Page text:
The configuration of the computer 1100 will be described below. FIG. 8 illustrates a hardware configuration of a typical information-processing apparatus used in embodiments of the present invention. A client 151 and a server 152 shown in FIG. 1 have the same hardware configuration as the computer 1100. A printer 109 shown in FIG. 1 has the same hardware configuration as the image-forming apparatus 1300.

In FIG. 8, a central processing unit (CPU) 1201 runs a program such as an operating system (OS) or an application. The programs is stored in a program read-only memory (ROM) inside a ROM 1203 or loaded from a hard disk 1211 onto a random access memory (RAM) 1202. The processes illustrated in each of the flowcharts as described below are realized by running such a program. The RAM 1202 functions as a main memory of the CPU 1201 or a work area. A keyboard controller (KBC) 1205 controls key input from a keyboard 1209 or a pointing device (not shown). A cathode ray tube-controller (CRTC) 1206 controls displaying on a cathode ray tube (CRT) display 1210. A disk controller (DKC) 1207 controls data access in a hard disk (HD) 1211 and a floppy disk (FD) that store various data. A printer controller (PRTC) 1208 controls the exchange of signals between the computer 1100 and the image-forming apparatus 1300 connected to the computer 1100. A network controller (NC) 1212 is connected to a network and controls the communication with other devices that are connected to the network.

The image-forming apparatus 1300 will be described below. As illustrated in FIG. 8, a CPU 1301 controls each block that is connected to a system bus 1304 based on control programs stored in a ROM 1302 or an external memory 1303. An image signal generated by CPU 1301 is output as output information to a printing unit (or an image-forming apparatus engine) 1306 through a printing unit interface (I/F) 1305. Additionally, the CPU 1301 can communicate with the computer 1100 through an input unit 1307 and can notify the computer 1100 of information inside the image-forming apparatus 1300.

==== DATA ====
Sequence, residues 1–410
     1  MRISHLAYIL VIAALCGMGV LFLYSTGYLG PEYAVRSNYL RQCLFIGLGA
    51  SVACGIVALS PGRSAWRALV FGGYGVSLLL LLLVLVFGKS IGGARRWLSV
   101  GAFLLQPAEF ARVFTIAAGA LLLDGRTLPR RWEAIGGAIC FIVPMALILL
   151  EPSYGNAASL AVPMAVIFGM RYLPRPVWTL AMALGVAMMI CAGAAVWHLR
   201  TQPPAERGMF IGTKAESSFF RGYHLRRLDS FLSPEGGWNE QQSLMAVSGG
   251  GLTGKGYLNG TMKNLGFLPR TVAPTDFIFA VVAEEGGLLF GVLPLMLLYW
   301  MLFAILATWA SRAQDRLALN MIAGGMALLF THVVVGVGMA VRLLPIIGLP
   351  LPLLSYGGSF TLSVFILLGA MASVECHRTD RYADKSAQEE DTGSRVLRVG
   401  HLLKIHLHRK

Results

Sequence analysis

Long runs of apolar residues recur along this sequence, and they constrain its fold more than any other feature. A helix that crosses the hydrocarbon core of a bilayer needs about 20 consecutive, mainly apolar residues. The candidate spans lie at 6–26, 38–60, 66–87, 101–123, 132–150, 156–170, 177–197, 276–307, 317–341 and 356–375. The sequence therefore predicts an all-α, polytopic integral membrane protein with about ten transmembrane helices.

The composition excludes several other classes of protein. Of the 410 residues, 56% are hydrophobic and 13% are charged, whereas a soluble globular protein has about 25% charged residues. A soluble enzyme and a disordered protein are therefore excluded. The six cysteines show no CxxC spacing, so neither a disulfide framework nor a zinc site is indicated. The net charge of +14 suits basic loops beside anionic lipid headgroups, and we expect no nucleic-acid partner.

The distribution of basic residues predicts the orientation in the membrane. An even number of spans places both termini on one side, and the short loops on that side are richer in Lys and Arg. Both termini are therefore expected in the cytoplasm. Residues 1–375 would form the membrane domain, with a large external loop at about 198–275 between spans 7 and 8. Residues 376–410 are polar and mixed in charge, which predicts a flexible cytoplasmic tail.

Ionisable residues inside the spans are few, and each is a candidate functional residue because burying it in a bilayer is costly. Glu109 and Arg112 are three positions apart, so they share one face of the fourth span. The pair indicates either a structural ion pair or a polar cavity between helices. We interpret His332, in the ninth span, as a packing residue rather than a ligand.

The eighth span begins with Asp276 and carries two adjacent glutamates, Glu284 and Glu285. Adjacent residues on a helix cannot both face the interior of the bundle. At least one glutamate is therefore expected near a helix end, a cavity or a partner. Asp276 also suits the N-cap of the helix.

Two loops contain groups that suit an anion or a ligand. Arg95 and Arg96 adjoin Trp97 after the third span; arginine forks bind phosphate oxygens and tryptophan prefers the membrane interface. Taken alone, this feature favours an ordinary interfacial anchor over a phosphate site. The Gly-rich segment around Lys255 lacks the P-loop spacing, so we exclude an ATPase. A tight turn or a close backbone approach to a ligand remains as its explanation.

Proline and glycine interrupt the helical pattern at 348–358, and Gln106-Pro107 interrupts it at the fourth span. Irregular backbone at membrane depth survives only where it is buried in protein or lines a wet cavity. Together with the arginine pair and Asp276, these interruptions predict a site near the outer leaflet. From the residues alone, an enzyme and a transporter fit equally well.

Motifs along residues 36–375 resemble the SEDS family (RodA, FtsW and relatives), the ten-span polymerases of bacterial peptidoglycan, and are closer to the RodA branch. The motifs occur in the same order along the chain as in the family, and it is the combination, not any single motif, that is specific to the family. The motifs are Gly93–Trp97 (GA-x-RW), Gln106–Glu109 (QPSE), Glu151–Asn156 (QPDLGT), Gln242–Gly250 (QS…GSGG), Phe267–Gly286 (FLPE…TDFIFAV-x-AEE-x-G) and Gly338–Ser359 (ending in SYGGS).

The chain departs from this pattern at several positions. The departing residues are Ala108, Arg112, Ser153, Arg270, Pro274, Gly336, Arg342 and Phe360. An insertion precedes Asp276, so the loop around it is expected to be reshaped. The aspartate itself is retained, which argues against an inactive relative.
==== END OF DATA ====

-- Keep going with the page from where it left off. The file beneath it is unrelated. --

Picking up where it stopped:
The program ROM inside the ROM 1302 stores control programs of the CPU 1301. The font ROM inside the ROM 1302 stores font data which is used in generating output information. The data ROM in the ROM 1302 stores information that is used in the host computer 1100 when the image-forming apparatus 1300 is not equipped with an external memory 1303 such as a hard disk.

A RAM 1308 functions as a main memory of the CPU 1301 or a work area. The amount of memory of the RAM 1308 can be increased by adding an optional RAM which can be connected to an expanded port (not shown). Furthermore, the RAM 1308 is used as output information expanding area, environment data storage area, and nonvolatile RAM (NVRAM).

A memory controller (MC) 1309 controls access to the external memory 1303. The external memory 1303 is connected as an option and stores font data, an emulation program, and form data. An operation unit 1311 includes switches/controls used in operating the apparatus and light emitting diode (LED) indicators.

A scanner I/F 1312 corrects, processes, and edits image data which is received from a scanner unit 1313. The scanner unit 1313 scans an image of an original with light and projects the obtained reflected light into a charge-coupled device (CCD) to convert image information into an electric signal. Furthermore, the electric signal is converted into red (R), green (G), and blue (B) luminance signals which are loaded as image data. When a user instructs the image-forming apparatus 1300 from the operation unit 1311 to start reading image data from the original, the instruction is sent to the scanner unit 1313. The scanner unit 1313 then reads the original. The original can be read by an auto-feeding method in which the original is set on an original feeder (not shown). Alternatively, the original can also be scanned by placing the original on a glass surface (not shown) and moving the exposure unit.